Corral and Working Facilities for Beef Cattle
The primary reasons for constructing a corral and working facility are to observe cattle closely, perform routine health functions, and improve labor efficiency. A good working facility is merely an extension of a well-planned corral which matches the site and existing structures. The importance of site selection cannot be overstressed. Consider drainage, prevailing winds, nearby allweather roads, and utilities, i.e. electricity and water. A corral is often built to meet current needs, but it should also provide for easy expansion.
The heart of a corral is the working chute and crowding pens. Desirable characteristics for a working chute include:
- Totally enclosed sides
- Sloping sides
- Overhead restrainers
- Minimum of 20 feet long
- Rough concrete floor
The working chute should be curved with solid sides to restrict the cattle’s vision (Figure 1). Cattle move more freely when they cannot see the cattlemen or the squeeze chute until they are within a few feet of the end of the working chute. If a balky animal requires prodding, it is a short distance from the squeeze chute (or headgate) to any location beside the curved working chute. Consequently, a herd of cattle can be worked in less time with a curved working chute compared to a straight chute.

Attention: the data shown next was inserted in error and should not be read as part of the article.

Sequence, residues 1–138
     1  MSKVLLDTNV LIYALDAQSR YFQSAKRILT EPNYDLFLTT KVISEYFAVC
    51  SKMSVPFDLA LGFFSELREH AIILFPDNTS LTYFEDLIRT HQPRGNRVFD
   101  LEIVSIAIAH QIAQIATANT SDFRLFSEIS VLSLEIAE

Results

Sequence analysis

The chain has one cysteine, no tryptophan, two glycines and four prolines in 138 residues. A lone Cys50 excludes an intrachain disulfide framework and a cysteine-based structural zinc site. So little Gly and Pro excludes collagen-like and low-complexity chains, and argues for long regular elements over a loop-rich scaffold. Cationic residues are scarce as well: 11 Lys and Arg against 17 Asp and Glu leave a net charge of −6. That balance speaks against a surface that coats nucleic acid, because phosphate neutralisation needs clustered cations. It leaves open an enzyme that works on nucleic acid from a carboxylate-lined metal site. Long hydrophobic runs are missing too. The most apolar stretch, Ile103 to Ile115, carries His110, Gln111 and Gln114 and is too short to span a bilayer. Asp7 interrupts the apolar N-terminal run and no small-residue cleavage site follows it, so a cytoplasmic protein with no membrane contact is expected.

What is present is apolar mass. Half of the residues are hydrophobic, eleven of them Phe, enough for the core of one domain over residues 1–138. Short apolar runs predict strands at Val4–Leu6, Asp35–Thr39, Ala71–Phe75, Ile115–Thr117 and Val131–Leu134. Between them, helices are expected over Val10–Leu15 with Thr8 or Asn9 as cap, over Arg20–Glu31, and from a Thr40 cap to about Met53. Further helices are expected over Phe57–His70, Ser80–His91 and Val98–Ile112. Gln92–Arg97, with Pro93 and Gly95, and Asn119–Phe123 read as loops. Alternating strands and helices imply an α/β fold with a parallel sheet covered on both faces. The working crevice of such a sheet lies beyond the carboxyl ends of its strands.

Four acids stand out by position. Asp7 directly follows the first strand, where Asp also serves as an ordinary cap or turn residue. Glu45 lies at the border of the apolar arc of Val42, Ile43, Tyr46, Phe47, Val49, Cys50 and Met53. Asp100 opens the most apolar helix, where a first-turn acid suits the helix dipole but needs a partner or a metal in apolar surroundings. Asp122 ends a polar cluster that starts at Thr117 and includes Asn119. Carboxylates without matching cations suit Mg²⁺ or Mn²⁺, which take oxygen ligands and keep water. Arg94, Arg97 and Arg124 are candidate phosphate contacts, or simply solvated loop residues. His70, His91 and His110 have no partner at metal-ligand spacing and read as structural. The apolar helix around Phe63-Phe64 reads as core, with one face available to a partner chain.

Sloping the sides of the working chute is desirable because the animal’s feet and legs are confined to a narrow path. This reduces the ability of an animal to turn around. Sloping sides are more adaptable to cow-calf operations because different sizes of cattle can be worked efficiently in the same chute. Recommended widths for the bottom and top of working chutes are listed in Table 1. For exotic breeds weighing more than 1200 pound cattle, the width dimension should be increased two inches. To accommodate exotic bulls, it may be necessary to increase width dimensions by four inches.
Overhead restrainers prevent cattle from rearing up and turning around or falling over backward in the chute and are strongly recommended for working chutes with totally enclosed sides. Restrainers are generally located 60 inches above the chute floor but can be made adjustable to suit any size of animal. Overhead restrainers are most effective if adjusted to keep the animal’s head down (Figure 2). Without overhead restrainers, emergency release panels are desirable. Emergency release panels are side panels that can be opened to release animals that fall down in the chute and become lodged.